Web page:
Dear Doug – An Open Letter to Doug McMillon, the New President & CEO of Walmart

doug-mcmillon-in-store

By now you’ve been in the corner cubicle in beautiful downtown Bentonville for a few weeks, so congratulations on being only the fifth president in the history of Walmart. It’s a big job, running the largest retailer — hell, the largest anything — in the world and you’ve got millions of employees and billions of customers depending on you to do a good job.

No pressure, really.

But you also sit in perhaps the most revered seat in American retailing, the one once occupied by Mr. Sam himself, the man whose name is over the front door, the guy who put most of the stores in the United States out of business, and the hovering spirit who continues to both inspire and haunt everything and everybody at Walmart. But Doug, you and Sam Walton also have one other thing in common: you’re the only merchants ever to run Walmart.

And therein lies the greatest hope for a very troubled company. You see Doug, as you know better than anybody, Walmart is not quite what it seems to be. You know how certain businesses appear to be one thing and are actually another? Like movie theaters fronting as places to show films when in fact they are giant popcorn and snack emporiums? Or furniture stores appearing to be selling couches and credenzas when they are really finance companies charging usury rates that would embarrass organized crime? [Read more...]

Moneyball for Retail

YG_moneyball_FINAL imageThere’s a new way to grow profits and hit it out of the park with consumers, employees and shareholders. It’s “Moneyball for Retail” – finding market inefficiencies to gain a competitive advantage.

In Major League Baseball, team owners want to win games. In retail, executives want to grow sales and profits. Both want to achieve these goals without breaking the bank, and the best-managed franchises in each have one fundamental principle in common: identify, develop, and reward the right players.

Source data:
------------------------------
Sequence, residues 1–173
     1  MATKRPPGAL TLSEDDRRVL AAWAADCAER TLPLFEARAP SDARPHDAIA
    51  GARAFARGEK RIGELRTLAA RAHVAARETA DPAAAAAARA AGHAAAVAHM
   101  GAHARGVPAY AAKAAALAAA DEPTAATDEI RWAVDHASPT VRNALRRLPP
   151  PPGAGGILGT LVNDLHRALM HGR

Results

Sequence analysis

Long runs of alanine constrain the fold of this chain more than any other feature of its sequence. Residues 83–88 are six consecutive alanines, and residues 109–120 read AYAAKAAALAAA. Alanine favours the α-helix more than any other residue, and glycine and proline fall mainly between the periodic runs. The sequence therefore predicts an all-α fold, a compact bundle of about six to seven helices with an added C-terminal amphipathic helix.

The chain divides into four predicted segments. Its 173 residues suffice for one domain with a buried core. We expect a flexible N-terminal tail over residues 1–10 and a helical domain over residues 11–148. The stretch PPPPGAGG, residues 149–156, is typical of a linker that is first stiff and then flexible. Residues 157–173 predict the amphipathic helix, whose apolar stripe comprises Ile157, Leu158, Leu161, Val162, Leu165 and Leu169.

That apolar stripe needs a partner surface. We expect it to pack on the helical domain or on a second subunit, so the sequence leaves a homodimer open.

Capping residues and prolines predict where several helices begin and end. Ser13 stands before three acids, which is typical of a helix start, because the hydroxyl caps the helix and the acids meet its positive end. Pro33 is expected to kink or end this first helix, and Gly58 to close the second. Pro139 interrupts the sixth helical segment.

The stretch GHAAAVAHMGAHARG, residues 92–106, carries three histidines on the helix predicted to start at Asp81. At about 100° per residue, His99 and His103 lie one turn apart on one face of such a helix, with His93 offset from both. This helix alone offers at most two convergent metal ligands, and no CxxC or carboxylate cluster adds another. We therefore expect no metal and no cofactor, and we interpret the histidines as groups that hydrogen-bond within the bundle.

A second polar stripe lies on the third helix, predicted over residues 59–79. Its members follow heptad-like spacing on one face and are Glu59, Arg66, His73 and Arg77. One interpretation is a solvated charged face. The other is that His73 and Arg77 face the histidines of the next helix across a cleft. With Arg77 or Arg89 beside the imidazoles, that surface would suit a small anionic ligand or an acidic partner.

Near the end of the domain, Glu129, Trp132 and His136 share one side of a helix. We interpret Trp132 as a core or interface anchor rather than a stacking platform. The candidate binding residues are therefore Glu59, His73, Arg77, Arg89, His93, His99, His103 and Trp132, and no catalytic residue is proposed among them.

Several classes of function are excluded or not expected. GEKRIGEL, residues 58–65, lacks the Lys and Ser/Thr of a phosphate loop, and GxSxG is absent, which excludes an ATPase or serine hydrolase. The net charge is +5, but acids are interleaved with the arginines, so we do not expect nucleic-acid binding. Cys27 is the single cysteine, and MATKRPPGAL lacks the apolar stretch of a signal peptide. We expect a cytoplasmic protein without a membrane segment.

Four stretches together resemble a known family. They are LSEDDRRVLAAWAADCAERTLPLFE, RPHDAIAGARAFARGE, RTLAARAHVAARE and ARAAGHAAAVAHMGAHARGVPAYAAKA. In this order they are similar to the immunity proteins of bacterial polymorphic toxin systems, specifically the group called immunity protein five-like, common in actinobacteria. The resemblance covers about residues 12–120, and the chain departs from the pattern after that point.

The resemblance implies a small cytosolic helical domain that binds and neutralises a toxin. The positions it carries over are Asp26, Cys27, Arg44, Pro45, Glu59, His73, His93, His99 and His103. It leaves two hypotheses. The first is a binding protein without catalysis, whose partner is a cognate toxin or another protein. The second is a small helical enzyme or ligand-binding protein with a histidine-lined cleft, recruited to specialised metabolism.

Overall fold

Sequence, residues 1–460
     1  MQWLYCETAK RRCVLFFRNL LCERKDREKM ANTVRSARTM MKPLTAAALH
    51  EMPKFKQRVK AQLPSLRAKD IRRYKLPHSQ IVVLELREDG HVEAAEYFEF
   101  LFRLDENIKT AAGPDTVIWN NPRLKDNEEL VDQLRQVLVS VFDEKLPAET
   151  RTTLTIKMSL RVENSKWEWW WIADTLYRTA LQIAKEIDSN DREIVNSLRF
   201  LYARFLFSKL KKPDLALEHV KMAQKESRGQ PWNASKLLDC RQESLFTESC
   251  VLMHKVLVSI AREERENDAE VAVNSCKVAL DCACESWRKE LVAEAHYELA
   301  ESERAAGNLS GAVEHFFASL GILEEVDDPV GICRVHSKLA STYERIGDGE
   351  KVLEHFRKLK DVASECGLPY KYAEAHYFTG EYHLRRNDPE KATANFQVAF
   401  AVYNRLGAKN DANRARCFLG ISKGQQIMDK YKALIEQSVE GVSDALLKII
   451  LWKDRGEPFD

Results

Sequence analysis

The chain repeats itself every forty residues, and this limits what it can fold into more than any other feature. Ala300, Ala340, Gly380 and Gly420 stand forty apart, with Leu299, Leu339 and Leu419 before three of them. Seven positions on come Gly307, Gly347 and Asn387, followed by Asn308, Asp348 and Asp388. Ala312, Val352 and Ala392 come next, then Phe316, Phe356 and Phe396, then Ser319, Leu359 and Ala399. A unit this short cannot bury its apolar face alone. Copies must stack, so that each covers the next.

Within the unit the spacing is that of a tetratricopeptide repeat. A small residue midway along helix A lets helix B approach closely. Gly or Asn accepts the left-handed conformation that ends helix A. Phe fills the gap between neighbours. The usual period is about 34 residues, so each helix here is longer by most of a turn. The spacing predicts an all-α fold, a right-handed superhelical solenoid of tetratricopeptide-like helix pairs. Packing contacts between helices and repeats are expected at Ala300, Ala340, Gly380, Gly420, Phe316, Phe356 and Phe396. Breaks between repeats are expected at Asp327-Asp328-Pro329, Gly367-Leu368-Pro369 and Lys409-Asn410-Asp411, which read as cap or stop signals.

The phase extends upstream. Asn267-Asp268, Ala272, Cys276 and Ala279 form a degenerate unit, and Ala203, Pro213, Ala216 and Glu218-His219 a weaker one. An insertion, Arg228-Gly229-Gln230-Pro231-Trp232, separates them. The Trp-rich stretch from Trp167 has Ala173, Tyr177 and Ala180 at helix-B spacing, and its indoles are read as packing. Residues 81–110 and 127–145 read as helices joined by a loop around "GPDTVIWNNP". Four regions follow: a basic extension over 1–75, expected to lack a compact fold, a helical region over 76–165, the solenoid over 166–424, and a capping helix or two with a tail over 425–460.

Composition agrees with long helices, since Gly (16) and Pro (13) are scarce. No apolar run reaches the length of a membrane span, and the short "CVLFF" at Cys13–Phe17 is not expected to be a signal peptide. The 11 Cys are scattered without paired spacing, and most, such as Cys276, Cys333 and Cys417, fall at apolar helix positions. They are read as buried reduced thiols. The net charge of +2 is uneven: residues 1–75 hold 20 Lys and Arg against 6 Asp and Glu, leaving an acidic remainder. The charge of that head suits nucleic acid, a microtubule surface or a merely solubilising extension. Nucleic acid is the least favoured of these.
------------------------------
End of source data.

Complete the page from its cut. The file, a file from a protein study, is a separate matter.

Whether baseball teams are winning or not, their ongoing costs continue to escalate. To keep the franchise operating at a high level, management needs to be aware that the most expensive players aren’t always the best fit for the team. The same holds for retail stores: operational costs are escalating regardless of store success, and executives need to schedule the right people in the right places to generate profits with the fewest additional costs.

And just as iconic baseball dynasties have come and gone, so have seemingly invincible retail giants. The survivors are the ones that continue to win. [Read more...]

Amazing Macy’s

Robin-Macys-illo_Rd5Not Just a Miracle – Not Just a Department Store

While JC Penney, Kohl’s and Target struggle to regain their “mojo,” or better put, to save their butts, Macy’s seems to be mojo-fueled and on a trajectory to be the last man standing. Or, are they simply stealing sales away from their befuddled competitors? The answer is a mixture of both.

The Macy’s on 34th Street today, is no miracle, nor are its recent positive (albeit aligned with a weak economy) financial results. It’s just the result of the strategic vision and methodical, complex tactical implementation of CEO Terry Lundgren and his five-star team. The store is a shopper’s delight, an audio-visual stimulating experience, one special event after another, “Black Friday,” and Christmas energy every day. Their many exclusive brands are showcased in a boutique-like shopping environment, and it’s obvious that Macy’s has evolved its brands and experience for the Millennial generation, soon to be the primary consumer segment. Over time, I expect Macy’s will spread the miracle across most of their roughly 800 doors.

Department Stores’ Last Man Standing or a Different Model?

If not “the last man standing” among department stores (an apt reference to Gary Cooper in the classic film, High Noon), Macy’s clearly created a differentiated national brand that they dominate. In a retail industry that I expect will struggle for growth between 2% to 3%, at best, for years to come, in which discounting is the weapon of necessity (Macy’s included), Macy’s is outpacing the pack with its “My Macy’s” localization strategy and ongoing pursuit of a seamlessly integrated omnichannel; plus “Magic Macy’s” elevated consumer service (including new augmented reality technology), as well as its continual focus on the “experience.”

In fact, I wish they would stop calling their business model a department store. I believe that sometime in the not too distant future the terms “wholesale” and “retail” will cease to exist as relics of the past, defining business models that are ceasing to exist. And, the classic “department store” definition will become irrelevant as well.